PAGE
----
It could be like posing for photos at the seaside in front of other people's cars as a kind of deliberate false memory syndrome. "Do you remember the dark red Bentley convertible ? That was a good car."

Back to school - but not by parachute

Well the kids and the wife are back to school, which means I am back on the school run. Bye bye quiet mornings. Hello frantic dash.

But it could be worse. Much worse !


Sunday, March 04, 2007

The Telegraph on Sarko


I doubt the lace-hatted crones would really be raking in enough from their bistro to pay 50% income tax. The tax rates are high, but the thresholds are also very high.

And I have reflected before on the French Etat and the British State. In Britain we may think it is shameful or a waste to be a civil servant. In France it's brilliant! It's like working for Caesar.

Incidentally, I have often heard the word grandiose used here in France, and never heard it used in a negative way. I have even heard it used to God in prayer. "How your acts are grandiose!"

Linux, Palm, MP3, etc. etc.

Oh sometimes I get so sick of computers...

Ubuntu just works? Not in 32MB of RAM and 3 GB of disk, it doesn't. I am going to try DSLinux. Just don't ask what it stands for.

The rest of Saturday morning I spent wrestling with a dodgy memory card in a Palm and copying and burning MP3 files of one thing and another.

Then to the centre for the English class and the apologetics evening.
Forgot the microphone. Found one that would work OK.
Prepared the PowerPoint.
Got the English Class ready (That was easy this week because last week we decided to have a Scrabble session - in the end we played Boggle because it is a bit faster and so on. Maybe we should try synchro-Scrabble.) We had fun looking up nonexistent words in my trusty old Chambers.

Then we got the room ready for the apologetics evening. This month the subject was cosmology and the origin of the universe, followed by a discussion of how to respond to someone who believes that death is the end, then an overview of Pascal and his Pensées.

Then home on the night bus through the driving rain. There had been a fairly spectacular accident on the boulevard but the police man guided us round the wreckage and the police wagons. I saw the famous Maison des Cakes from the night bus.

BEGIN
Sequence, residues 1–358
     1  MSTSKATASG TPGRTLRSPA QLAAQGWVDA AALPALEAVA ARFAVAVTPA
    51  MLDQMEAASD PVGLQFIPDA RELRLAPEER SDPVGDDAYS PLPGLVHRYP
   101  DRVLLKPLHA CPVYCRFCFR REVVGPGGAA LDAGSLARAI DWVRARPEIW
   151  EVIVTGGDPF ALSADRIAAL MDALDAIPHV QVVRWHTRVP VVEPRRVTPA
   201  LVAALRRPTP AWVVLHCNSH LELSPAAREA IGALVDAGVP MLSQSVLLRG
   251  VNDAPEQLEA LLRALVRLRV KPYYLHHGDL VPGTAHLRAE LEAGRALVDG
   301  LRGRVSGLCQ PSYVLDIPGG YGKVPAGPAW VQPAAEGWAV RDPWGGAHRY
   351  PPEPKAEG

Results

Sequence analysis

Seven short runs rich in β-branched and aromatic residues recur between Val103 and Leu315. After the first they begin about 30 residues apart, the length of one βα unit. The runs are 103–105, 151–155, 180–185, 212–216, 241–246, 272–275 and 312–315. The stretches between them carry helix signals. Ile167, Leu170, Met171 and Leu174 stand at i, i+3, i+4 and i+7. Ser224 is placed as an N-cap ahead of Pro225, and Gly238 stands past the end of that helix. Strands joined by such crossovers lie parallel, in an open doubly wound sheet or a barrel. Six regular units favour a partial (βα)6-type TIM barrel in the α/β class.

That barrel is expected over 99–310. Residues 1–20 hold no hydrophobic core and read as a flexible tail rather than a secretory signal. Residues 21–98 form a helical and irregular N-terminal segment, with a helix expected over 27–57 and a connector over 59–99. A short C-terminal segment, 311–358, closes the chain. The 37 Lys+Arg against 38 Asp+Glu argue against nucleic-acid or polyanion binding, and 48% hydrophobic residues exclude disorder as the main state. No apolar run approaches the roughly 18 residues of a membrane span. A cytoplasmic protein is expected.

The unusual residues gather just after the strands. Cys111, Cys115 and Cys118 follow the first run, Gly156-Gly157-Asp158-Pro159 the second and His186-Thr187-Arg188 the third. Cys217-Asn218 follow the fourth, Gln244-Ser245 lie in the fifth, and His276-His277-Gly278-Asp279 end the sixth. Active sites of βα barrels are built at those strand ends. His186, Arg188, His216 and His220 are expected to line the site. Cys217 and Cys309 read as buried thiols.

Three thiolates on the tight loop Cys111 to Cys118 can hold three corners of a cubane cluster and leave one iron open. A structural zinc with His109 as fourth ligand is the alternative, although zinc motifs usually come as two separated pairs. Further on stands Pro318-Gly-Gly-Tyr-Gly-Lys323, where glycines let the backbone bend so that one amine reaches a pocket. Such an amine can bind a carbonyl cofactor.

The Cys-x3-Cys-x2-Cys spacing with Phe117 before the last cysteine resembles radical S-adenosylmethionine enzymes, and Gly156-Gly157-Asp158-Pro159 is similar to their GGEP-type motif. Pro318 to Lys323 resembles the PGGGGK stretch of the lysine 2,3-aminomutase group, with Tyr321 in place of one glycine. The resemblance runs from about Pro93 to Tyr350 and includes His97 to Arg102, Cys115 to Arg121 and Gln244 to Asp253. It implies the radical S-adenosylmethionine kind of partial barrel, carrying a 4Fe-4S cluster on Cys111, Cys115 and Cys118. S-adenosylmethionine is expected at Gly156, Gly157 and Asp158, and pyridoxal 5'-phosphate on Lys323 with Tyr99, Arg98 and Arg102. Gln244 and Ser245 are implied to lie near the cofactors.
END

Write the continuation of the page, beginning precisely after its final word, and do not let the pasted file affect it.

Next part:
Tired but happy was the final outcome. As I was leaving the centre all wrapped up in my red jumper and my black coat one of the lads told me I was as handsome as a brand new lorry. Beau comme un camion (tout neuf). The brand new bit is optional. It's the kind of thing your granny says, apparently.

Saturday, March 03, 2007

Total eclipse of the moon


All we need is for the rain to stop and the clouds to clear.

Pat took the kids biking in the local park yesterday - there's one of these tracks for mountain bikes - and they had a whale of a time slurping through the mud. Catrin was fine once they had dug her out and the second time round she used a snorkel for breathing.


Jim Elliot coined for himself the slogan, “the moon is round!” The night sky was a visible reminder to him that God’s purposes are whole and perfect, regardless of whether we can see or comprehend the wholeness or perfection. Even when the moon was just a crescent, or when it was obscured by clouds entirely, Jim would acknowledge its roundness in spite of what his eyes insisted. For him, the silver sliver of the moon was a small thumbnail image — merely a part of the whole picture.* He recognized that his senses might be able to apprehend a tiny, distorted perspective — but that his senses did not determine or alter the reality. The moon was round, regardless. God’s person and work was whole and perfect, regardless.

( Thanks Joy www.karagraphy.com for this )
Photo courtesy of BBC website.

Friday, March 02, 2007

You gotta love this guy



Gspace provides FREE Online Storage to access your files everywhere. It turns the 2GB of your Gmail account into free online storage. With Gspace you can manage unlimited Gmail accounts to store all type of files.

Like a USB stick without having to carry a USB stick.


Thursday, March 01, 2007

OSCAR - the UK information service for world mission

The Oscar website has a new blogging section. http://www.oscar.org.uk/

Mae hen wlad fy nhadau yn annwyl i mi

Incidentally, some people are disconcerted by the use of a red dragon as Wales' national emblem. There is, of course, no connection with the imagery of serpents or dragons found in the Bible. Apparently the Roman legions who invaded Britain in 55 BC had a dragon insignia. After the empire's collapse the Romano-British kept the dragon emblem right down to this day.

John Piper's book, God is the gospel is available as a free download (pdf)


Is France catholic?

I am sure you can decipher this snippet from 20 Minutes, one of this morning's free newspapers:

SONDAGE - 64% des Français sont catholiques.

Selon un sondage Ifop pour La Vie, le catholicisme reste la religion de 64% de Français, loin devant l’islam, avec 3%. Les athées sont plus de 27 %. Viennent ensuite la religion protestante 2,1% et le judaïsme 0,6%.